File - Change Directory (cd) in bash. Cd is a builtin command that changes the current directory
cd [-L|-P] [dir|-]
- the options
- -L forces symbolic links to be followed.
- -P says to use the physical directory structure instead of following symbolic links (see also the -P option to the set builtin command);
- the arguments:
- dir is the target directory. Default to HOME. If dir begins with a slash (/), then cdpath is not used.
- - is equivalent to OLDPWD, the last current directory.
If a directory change is successful through cdpath or -, the absolute pathname of the new working directory is written to the standard output.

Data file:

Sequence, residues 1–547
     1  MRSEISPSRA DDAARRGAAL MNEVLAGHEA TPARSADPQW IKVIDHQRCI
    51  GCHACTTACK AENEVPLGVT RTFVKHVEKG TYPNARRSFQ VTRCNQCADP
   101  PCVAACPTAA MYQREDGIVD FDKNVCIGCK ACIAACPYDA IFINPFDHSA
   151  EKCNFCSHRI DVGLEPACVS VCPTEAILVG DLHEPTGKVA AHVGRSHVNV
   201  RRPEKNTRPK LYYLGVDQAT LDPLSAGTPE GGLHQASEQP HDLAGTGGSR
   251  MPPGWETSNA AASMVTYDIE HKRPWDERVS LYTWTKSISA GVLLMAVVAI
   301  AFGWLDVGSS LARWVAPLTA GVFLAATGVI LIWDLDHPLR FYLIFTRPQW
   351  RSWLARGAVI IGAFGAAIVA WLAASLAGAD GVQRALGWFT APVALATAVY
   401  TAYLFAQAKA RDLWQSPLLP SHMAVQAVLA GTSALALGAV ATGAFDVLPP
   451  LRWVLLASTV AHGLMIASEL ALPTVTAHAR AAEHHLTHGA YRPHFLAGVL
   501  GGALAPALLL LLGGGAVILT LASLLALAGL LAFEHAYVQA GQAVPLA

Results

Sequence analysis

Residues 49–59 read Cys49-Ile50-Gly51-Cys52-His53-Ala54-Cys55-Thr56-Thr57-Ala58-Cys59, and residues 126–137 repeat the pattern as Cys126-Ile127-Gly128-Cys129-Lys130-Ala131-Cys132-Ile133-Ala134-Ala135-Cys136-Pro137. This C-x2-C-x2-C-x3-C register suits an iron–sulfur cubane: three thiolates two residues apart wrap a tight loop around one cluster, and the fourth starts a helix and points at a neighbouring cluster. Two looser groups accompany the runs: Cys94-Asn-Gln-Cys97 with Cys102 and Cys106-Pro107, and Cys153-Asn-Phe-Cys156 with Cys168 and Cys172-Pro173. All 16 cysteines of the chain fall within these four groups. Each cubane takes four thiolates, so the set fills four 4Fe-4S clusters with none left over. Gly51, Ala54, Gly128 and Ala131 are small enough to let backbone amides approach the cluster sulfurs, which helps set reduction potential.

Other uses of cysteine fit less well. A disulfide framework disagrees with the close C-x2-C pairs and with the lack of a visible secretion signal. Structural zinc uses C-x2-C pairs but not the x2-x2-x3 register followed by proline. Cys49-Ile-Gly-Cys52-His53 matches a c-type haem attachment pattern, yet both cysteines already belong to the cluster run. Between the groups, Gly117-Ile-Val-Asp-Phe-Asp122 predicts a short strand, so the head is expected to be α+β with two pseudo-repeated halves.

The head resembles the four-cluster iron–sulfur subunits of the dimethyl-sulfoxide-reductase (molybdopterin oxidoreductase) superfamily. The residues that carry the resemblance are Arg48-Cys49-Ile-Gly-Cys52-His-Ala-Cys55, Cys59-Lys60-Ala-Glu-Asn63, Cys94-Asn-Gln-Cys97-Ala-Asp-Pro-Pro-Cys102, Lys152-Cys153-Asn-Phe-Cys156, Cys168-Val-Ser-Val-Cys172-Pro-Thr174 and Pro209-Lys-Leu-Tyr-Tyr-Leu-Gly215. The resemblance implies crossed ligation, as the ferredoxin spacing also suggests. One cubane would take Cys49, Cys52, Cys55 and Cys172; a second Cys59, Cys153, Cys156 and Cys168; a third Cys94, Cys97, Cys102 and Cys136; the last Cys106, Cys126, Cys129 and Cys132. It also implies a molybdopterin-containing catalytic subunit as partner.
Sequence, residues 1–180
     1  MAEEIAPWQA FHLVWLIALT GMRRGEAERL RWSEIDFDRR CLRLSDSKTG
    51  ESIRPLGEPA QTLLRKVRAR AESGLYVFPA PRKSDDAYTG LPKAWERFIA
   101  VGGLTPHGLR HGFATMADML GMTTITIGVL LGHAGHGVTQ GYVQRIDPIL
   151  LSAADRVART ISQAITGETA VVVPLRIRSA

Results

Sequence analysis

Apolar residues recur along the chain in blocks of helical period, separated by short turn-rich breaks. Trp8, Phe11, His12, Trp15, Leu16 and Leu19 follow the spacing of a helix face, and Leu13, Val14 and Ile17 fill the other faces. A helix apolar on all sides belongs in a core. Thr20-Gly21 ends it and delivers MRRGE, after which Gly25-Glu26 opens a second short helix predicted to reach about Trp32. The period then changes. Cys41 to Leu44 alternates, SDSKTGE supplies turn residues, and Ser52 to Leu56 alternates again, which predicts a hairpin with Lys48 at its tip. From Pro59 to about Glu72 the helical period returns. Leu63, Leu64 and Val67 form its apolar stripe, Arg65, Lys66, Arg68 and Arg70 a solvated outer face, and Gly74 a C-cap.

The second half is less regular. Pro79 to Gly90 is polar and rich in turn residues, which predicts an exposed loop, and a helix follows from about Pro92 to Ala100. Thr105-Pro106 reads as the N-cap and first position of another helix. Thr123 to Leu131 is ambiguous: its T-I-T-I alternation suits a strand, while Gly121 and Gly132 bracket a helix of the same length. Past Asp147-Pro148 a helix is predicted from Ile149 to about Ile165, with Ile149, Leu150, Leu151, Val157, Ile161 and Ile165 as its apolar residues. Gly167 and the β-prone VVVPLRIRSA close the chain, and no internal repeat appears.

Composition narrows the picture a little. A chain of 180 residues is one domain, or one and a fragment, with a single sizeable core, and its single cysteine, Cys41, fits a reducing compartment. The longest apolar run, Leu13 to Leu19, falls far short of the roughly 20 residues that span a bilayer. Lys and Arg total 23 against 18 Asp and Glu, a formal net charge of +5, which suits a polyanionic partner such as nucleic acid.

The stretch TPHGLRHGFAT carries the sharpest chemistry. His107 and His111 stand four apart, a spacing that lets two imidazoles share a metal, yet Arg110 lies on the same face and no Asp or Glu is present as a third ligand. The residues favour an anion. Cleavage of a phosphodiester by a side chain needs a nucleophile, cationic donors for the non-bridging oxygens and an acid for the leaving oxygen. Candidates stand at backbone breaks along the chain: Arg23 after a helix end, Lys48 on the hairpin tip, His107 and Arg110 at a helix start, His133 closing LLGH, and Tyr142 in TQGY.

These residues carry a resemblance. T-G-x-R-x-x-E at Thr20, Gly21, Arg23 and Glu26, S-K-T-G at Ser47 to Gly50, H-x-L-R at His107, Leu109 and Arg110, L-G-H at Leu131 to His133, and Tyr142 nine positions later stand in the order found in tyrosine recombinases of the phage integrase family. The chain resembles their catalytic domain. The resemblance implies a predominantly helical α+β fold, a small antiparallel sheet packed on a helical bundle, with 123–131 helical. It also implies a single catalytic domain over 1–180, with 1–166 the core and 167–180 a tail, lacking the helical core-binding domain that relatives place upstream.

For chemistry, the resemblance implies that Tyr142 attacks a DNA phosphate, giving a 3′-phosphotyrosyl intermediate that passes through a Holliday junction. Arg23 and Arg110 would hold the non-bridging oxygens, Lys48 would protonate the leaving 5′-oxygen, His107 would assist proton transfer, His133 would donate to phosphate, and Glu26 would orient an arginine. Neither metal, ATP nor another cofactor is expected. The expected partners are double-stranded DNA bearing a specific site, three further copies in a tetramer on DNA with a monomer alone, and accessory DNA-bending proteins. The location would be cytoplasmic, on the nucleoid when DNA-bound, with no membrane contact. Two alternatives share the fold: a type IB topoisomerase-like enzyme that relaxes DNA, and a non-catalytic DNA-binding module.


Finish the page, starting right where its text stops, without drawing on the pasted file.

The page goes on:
The return value is true if the directory was successfully changed; false otherwise.
The variable HOME is the default dir.
The variable CDPATH defines the search path for the directory containing dir.
Alternative directory names in CDPATH are separated by a colon (:).
A null directory name in CDPATH is the same as the current directory, i.e., ..
If dir begins with a slash (/), then CDPATH is not used.
A colon-separated list of search paths available to the cd command, similar in function to the PATH variable for binaries. The CDPATH variable may be set in the local ~/.bashrc file.
bash$ cd bash-doc bash: cd: bash-doc: No such file or directory bash$ CDPATH=/usr/share/doc bash$ cd bash-doc /usr/share/doc/bash-doc bash$ echo $PWD /usr/share/doc/bash-doc